Hi, both of my GDC talks got posted to youtube last week. Here they are
- What to Write So People Buy: Selling Your Game Without Feeling Sleazy
- Empathizing with Steam: How People Shop for Your Game
One of my favorite parts of the research I presented were the quotes from shoppers when they were looking at Steam Pages (You can watch that part here.) The first thing they said was almost always the first game that what they were looking at reminded them of. It wasn’t the hook, it wasn’t what was unique about your game, it was about what was familiar to them.
This seems strange at first. “New” is the most powerful motivator, right? The people who buy indie games want something unique, right? Our games need to be “hooky,” right?
I have been reading this great book named Hit Makers and it is all about why things catch on and others don’t. One of the best chapters is the one describing the concept called Most Advanced Yet Acceptable (or MAYA for short). The term was coined by the industrial designer Raymond Loewy who was responsible for the look behind American icons as the Coca-Cola bottle and those art deco airstream trains. Great profile of him here.
He advocated for making a design right on the edge of what was acceptable to the average person.
When I observed people calling out what game they were reminded of, that was them expressing their “acceptable” understanding of games. That was their “anchor” which I have described in more detail here.
A game’s hook is the razor-thin edge that pushes the boundaries on what players find acceptable. But note, be careful with your “hooks” because too many and you might find yourself extending past the “Acceptable” space like Wile E. Coyote over the edge of a cliff.
Now you might be wondering, well how do video games advance? Why is a strange game like Fortnite popular when no game was like it 5 years ago? When do people try new games that are past “acceptability”?
When I ran the Steam diary study I was constantly monitoring what games people bought and I started to really understand my participants’ tastes. When I saw them buy a game that was outside what was “acceptable” to them, I would email them back and say “why did you get this one?”
On more than one occasion the answer was “the price was so good I was willing to take the risk” or “I got it in a bundle.”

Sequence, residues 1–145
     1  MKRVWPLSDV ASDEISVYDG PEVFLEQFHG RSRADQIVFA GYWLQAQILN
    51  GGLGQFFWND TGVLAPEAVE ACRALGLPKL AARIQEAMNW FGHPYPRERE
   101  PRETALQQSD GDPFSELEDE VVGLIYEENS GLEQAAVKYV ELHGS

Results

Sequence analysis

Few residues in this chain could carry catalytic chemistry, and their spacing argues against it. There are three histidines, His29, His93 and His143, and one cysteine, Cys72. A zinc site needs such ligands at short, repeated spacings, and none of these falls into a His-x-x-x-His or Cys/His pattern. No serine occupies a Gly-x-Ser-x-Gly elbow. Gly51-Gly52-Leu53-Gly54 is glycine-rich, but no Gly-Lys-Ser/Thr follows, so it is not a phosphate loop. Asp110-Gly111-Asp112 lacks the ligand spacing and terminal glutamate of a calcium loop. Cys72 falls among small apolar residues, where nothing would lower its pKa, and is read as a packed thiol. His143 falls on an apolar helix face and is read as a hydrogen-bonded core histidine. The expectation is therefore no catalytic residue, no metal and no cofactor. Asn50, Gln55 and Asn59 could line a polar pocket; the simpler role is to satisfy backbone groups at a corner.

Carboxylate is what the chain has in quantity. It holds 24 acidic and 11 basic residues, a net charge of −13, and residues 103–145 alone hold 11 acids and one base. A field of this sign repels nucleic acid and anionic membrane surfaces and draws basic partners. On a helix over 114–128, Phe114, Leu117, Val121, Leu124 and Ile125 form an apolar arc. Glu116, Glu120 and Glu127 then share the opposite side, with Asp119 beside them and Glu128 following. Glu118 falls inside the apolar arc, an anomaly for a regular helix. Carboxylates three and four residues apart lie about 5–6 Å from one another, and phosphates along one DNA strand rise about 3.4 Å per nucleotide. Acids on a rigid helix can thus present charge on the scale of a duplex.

This made me think of the wildly successful Rocket League by the developer Psyonix. Now you might not know it but Rocket League is a sequel / remake of their 2008 failed game “Supersonic Acrobatic Rocket-Powered Battle-Cars“ or SARPBC.
Now SARPBC is what I would call an “advanced” name for a game. You gotta be pretty out there to want to pick up a game by that name.
But that’s not all. Even after Psyonix released Rocket League it wasn’t an instant hit. It was still a pretty out there concept. They didn’t really hit the height of their success until they released the game for free on Playstation Plus. That “free” deal collapsed the marketing funnel so there was almost no barrier to entry for people to take a chance on. People are more likely to try an “advanced” title if there is no risk to their money. If you want to read more about the history of Rocket League, consider this article.
How to use MAYA
So how do you avoid being SARPBC and instead be Rocket League?
- If your game’s design is pretty far out there on the edge of “acceptability,” focus on marketing the familiar bits and save those “advanced” features as a nice surprise once they buy it.
- Be aware of the most popular game that is similar to yours in terms of gameplay. Then in your marketing, lean into many of those gameplay features. Those are your anchors and you want those to be obvious to players. Potential buyers like to see what is familiar like traditional UI and similar character designs.
- Even if you launch and your game isn’t a hit, consider drastic price decreases and bundling deals to get your game in as many hands as possible.
- Release a sequel. You might be able to bring your existing audience and your design might be more appropriate than the first game.